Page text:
SHOWCASE : Go Deeper with Creators, Producers & Stars
At Split Screens, take a deep dive with our SHOWCASE section, packed with opportunities to view a series through the lens of its creators, producers and stars.
SATURDAY, JUNE 3
In attendance: Series creators, co-directors and executive producers Sarah-Violet Bliss and Charles Rogers, and Executive Producer Lilly Burns.
It’s rare to encounter a TV series that could accurately be described as a satire, much less an unsparing one, but Search Party absolutely qualifies. It’s a detective story about people trying to get to the bottom of a young woman’s disappearance, but that’s just what’s happening on the surface. The mystery is the gimmick that draws you in so that this exceptional and surprising show — credited to a rogue’s gallery of executive producers, including Michael Showalter, Sarah-Violet Bliss, and Charles Rogers — can work its dark magic. The vanishing is a device that the show uses to explore Dory’s (star Alia Shawkat) world and make uncomfortable observations about modern life, in particular the tendency to confuse the ego-stroking virtual busywork of the text- and social media-driven era for actual, meaningful action. There’s an even deeper level to this series, something on the order of an existential quest, a long journey into the heroine’s emotional interior. The condition of believing oneself sensitive while feeling very little has rarely been examined with such exactness.
SUNDAY, JUNE 4
In person: Series co-creator and executive producer Stephen Adly Guirgis, and supervising producer Nelson George.
“Unfold your own myth,” blares a graffiti tag on the skin of a subway car in The Get Down. Baz Luhrmann and Stephen Adly Guirgis’s 1970s musical melodrama about the birth of hip-hop and the fall of dirty-glorious Gotham is forever characterizing itself this way: like a rapper nimbly reframing a story as he tells it. It’s a multimedia work—television, cinema, a novel, a scrapbook; collage, decoupage, a montage barrage. The sheer, shameless entertainment value of The Get Down camouflages how formally inventive it is. The gleeful way that the image texture (1970s TV news video, 16mm, what looks like enhanced YouTube footage) changes from shot to shot suggests the filmmakers are glorying in a crazy-quilt aesthetic instead of knocking themselves out trying to make every piece seem like part of a seamless whole. The show is sampling pop culture history, New York City history and music history to create its own sound.
In person: Series creator, co-executive producer and costar Julie Klausner
Julie Klausner’s series about brilliant, acerbic, self-defeating best buds on the fringes of stardom is tailor-made for the YouTube era, when artists and entertainers act as their own agents, publicists and managers and watch their colleagues’ successes and failures unfold in real time, with envy or glee, depending.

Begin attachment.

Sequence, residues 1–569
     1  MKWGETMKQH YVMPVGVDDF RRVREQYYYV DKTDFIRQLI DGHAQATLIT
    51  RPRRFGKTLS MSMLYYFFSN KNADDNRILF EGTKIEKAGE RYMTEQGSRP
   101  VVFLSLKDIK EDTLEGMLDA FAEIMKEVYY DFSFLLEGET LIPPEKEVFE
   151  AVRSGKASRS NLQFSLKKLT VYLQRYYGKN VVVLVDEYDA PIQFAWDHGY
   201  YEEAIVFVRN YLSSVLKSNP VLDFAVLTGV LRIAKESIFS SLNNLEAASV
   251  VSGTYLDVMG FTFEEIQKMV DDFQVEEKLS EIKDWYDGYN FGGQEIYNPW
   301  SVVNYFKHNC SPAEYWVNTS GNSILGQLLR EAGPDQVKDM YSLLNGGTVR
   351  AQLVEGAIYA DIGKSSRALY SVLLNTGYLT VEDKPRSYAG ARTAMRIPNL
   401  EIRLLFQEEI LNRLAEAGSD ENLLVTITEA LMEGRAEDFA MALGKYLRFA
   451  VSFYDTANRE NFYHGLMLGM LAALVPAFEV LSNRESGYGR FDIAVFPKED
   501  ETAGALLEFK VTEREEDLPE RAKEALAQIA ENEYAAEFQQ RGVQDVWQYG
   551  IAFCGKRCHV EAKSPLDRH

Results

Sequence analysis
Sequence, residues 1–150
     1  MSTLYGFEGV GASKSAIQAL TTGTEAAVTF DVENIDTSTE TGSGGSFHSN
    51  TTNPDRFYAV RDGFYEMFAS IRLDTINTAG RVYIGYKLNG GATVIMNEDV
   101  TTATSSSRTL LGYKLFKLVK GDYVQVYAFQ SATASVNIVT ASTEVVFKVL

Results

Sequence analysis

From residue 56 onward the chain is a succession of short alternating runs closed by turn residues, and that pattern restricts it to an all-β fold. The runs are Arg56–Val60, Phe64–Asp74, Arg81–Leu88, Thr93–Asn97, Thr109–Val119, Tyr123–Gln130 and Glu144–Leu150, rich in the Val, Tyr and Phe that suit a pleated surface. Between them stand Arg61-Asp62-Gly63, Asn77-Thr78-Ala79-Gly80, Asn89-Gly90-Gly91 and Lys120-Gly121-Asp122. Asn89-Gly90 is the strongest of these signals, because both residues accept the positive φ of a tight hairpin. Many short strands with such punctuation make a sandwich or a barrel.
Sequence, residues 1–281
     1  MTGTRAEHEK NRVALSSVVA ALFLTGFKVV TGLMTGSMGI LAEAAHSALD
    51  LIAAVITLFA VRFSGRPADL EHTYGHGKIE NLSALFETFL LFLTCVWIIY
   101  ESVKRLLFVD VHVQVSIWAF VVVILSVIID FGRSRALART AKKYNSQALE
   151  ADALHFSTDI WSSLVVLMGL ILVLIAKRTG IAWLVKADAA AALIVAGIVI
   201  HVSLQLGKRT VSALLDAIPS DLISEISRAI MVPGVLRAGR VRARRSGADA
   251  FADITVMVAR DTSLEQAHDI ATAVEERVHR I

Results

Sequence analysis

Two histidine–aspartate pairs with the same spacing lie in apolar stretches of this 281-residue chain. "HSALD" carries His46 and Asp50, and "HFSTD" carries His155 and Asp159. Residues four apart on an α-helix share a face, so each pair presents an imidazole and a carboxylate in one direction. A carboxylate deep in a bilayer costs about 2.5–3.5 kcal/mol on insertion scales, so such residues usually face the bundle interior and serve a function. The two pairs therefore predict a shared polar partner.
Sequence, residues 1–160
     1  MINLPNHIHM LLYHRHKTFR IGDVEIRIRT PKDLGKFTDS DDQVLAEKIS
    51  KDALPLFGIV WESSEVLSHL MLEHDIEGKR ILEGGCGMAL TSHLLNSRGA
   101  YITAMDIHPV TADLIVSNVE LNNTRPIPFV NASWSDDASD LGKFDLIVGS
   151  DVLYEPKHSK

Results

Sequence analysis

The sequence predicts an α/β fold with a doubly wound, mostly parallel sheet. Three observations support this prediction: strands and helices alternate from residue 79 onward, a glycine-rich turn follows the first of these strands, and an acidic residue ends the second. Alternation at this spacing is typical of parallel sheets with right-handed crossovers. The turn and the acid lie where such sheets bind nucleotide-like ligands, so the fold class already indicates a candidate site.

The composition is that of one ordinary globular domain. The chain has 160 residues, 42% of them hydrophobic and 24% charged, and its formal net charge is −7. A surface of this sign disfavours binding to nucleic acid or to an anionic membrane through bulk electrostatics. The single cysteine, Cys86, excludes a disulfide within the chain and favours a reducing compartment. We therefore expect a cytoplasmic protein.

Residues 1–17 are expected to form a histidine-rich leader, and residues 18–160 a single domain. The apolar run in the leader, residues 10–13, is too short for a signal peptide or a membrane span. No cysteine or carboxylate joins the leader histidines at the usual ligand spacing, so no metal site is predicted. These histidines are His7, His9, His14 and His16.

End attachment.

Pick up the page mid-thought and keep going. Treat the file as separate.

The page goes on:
Julie (Klausner) and Billy (Billy Eichner) keep hatching schemes like a couple of Lucy Ricardos, even though their quest is motivated less by a burning urge to express themselves than a lust for fame and comfort. They pop others’ delusions and preserve their own, but even at their pettiest, there are moments when they speak the truth, and some of their most penetrating insights have to do with the show you’re watching and the medium that spawned it. One of Difficult People’s fiercest convictions is that a sitcom’s first obligation is to be funny and engaging, a surprisingly contrarian point of view now that every form of scripted entertainment is striving to subvert rather than embrace proven formulas. “When did comedies become 30-minute dramas?” Billy asks, with an aghast tone that suggests Difficult People is not interested in becoming one.
TUESDAY, JUNE 6
In person: Actors Tatiana Maslany, Jordan Gavaris, Maria Doyle Kennedy, Kristian Bruun, Kevin Hanchard, Evelyne Brochu and Ari Millen, and Executive Producers Graeme Manson and John Fawcett.
Graeme Manson and John Fawcett’s science fiction brainteaser stars Tatiana Maslany as several genetically identical people who had never met each other. But this is not merely a series about clones; it’s a continuous study in nature versus nurture that routinely puts Maslany in conversations with iterations of herself, and each iteration feels like a distinct human being rather than a sketch-comedy caricature. You’re in a fun house hall of mirrors where the reflections can not only talk, but have their own opinions. The result is sorcery, and Maslany is at the center, playing two, three or more personalities at once while a constellation of gifted supporting players, including Dylan Bruce, Jordan Gavaris, Kevin Hanchard, Maria Doyle Kennedy and Evelyn Brochu, swirls around her. The show’s bottomless inventiveness and persistent sense of fun are infectious. In addition to the suspense generated by the story itself, there’s a secondary thrill from watching the cast and crew struggle to top themselves in sheer outrageousness.